On July 1, the Big 12 Conference welcomed new members for the first time as West Virginia University and Texas Christian University became part of the league. Need a primer on our two new sister schools? Here’s a quick look at each.
WEST VIRGINIA UNIVERSITY
1867, public land-grant
Old Gold and Blue
West Virginia became the “Mountaineers” in the mid-1930s on the heels of rejected mascots “Snakes” and “Miners.”
Mascot: The Mountaineer
West Virginia is one of a handful of universities that still exclusively uses a human mascot. The application process to become the Mountaineer, selected by a student group known as the Mountain Honorary, is very rigorous and includes an essay, interviews, and a trial performance at a late season basketball game. Only one student and an alternate are selected annually, and the job comes with up to 500 appearances per year. Although a beard is often grown, its requirement is a popular WVU myth; in fact, two women have previously donned the Mountaineer buckskins. The West Virginia Alumni Association’s Washington, D.C., chapter donates money every 5-6 years to commission the handcrafting of the Mountaineer’s musket.
- Country Roads: The theme song of West Virginia University, “Country Roads,” has been performed before every home football game since 1972, and John Denver performed it live in 1980. Today it is a tradition for fans at Milan Puskar Stadium to sing the song together after every home victory.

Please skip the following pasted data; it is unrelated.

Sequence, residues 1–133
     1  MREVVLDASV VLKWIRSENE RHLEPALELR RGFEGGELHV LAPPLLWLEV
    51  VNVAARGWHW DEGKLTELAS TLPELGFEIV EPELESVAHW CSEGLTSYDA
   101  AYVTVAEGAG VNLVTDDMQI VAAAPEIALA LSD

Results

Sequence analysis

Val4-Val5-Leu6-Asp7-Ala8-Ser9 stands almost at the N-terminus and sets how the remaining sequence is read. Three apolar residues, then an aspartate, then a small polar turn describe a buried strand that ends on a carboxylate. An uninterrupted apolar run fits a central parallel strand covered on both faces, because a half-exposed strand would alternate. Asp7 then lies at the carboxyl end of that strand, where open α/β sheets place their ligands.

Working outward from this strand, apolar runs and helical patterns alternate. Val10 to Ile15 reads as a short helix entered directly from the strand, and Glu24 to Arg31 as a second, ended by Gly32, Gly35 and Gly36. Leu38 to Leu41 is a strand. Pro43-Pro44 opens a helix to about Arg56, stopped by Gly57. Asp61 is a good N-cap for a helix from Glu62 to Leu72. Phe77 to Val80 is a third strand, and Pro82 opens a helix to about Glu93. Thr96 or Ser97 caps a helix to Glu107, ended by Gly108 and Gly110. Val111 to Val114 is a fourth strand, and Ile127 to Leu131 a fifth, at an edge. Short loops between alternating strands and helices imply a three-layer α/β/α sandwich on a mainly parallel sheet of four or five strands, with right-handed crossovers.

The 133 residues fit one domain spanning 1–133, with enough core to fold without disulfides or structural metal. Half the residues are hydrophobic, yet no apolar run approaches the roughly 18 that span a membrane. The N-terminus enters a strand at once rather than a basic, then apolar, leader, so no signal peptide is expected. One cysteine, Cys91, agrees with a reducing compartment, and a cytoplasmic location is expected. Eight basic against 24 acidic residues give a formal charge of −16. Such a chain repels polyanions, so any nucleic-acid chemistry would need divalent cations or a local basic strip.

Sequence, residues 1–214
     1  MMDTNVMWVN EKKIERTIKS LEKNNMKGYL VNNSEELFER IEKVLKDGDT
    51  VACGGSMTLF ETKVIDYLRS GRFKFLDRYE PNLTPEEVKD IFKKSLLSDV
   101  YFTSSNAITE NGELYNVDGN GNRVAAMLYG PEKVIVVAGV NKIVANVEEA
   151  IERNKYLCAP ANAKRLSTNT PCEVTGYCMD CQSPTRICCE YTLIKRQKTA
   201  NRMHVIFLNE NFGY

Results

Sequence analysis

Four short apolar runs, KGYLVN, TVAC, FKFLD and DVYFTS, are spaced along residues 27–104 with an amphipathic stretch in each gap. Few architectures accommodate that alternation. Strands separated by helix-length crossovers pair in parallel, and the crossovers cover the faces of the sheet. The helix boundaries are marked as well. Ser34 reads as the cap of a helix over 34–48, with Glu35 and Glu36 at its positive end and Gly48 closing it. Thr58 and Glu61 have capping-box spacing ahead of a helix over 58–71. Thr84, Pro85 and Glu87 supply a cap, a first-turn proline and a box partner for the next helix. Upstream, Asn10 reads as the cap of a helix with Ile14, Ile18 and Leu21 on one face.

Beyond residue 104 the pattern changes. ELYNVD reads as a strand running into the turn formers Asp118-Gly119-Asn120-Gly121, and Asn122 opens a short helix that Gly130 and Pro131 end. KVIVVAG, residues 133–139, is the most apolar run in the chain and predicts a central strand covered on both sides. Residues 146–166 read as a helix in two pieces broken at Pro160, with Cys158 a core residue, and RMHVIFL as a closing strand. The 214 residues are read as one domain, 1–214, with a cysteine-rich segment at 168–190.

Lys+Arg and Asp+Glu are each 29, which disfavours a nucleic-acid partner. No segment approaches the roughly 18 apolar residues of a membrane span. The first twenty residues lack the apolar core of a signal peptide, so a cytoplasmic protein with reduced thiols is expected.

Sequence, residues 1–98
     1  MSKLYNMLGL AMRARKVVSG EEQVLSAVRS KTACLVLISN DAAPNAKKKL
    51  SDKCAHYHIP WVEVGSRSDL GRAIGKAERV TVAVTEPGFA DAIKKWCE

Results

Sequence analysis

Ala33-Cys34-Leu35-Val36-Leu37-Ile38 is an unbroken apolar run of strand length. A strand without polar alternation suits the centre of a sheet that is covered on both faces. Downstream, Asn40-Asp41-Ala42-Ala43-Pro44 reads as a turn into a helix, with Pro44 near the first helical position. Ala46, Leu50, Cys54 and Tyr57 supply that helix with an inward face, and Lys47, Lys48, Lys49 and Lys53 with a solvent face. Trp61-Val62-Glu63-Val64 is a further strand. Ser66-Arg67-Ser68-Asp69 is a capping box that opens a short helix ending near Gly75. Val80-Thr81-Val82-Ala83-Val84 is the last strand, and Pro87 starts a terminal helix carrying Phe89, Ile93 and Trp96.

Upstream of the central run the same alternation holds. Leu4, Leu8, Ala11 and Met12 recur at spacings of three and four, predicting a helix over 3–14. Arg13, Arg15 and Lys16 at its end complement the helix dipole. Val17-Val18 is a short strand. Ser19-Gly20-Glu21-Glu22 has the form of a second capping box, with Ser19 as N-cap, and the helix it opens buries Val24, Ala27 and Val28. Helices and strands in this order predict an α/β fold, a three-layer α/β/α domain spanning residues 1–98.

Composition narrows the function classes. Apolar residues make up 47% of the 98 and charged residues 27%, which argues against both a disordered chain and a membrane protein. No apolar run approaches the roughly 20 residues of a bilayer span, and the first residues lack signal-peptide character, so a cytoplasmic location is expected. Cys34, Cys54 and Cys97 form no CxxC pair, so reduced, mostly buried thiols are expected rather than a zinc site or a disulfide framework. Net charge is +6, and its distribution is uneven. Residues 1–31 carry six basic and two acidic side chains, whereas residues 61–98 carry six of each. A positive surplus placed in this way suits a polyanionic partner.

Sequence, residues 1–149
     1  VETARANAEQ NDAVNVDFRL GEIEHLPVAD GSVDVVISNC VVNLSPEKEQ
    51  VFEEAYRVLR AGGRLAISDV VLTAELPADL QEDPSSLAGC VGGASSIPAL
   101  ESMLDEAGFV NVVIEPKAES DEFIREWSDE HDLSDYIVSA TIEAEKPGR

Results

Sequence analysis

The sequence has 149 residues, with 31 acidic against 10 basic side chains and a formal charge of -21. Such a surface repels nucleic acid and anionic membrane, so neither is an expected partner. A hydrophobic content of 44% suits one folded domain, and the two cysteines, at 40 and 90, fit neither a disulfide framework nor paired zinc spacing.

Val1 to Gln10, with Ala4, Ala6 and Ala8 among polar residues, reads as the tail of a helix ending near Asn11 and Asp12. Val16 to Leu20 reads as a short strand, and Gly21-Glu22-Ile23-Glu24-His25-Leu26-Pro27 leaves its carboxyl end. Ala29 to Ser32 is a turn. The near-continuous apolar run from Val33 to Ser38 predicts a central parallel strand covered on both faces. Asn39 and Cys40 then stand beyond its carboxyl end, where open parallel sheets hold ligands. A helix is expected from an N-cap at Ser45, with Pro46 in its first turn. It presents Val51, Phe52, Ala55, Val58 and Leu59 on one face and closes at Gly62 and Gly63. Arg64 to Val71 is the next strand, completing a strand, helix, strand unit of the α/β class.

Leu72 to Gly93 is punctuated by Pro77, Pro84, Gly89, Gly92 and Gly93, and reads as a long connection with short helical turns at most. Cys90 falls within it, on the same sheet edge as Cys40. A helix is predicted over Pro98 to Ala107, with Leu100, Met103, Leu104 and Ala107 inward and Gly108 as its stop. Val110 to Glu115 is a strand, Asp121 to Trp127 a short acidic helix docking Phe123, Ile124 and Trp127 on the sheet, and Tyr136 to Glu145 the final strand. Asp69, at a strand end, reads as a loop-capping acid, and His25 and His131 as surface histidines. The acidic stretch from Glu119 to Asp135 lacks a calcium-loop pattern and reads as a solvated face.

- Rolling out the Carpet: An elaborate blue and gold carpet is rolled out before every Mountaineer home basketball game, upon which the players run out. One of college basketball’s most recognized traditions, it was begun in 1955.
- Mountaineer Maniacs: The largest student group on campus, formed to show support for WVU athletics, is active at all Mountaineer contests.
- FanFest: Thousands of students and fans gather on Mountainlair Plaza to hear the band, meet the cheerleaders and Mountaineer, and cheer on head coach Dana Holgorsen’s football team. It’s the biggest pep rally of the season
To do in Morgantown
- Dining: Located about a mile and a half from campus, Mario’s Fishbowl is a local bar and grill that many alumni consider a “must-visit.” Sign the wall and sample some beer out of a (you guessed it) fishbowl. The Boston Beanery is another local favorite for food and drink.
- Taste an original: West Virginia is famous for inventing the pepperoni roll. Stop at one of the Morgantown’s many local restaurants to taste one.
- Outdoor recreation: “Morgantown is very mountainous. Everything is located on a ‘hill,’ as we call them,” said Tara Curtis of WVU’s Alumni Association. “We’ve got beautiful outdoor recreational activities here. We’re located on the river; we have trails that run along the river for people who like to walk, bike, or run. And Coopers Rock State Park has unbelievable vistas and trails.”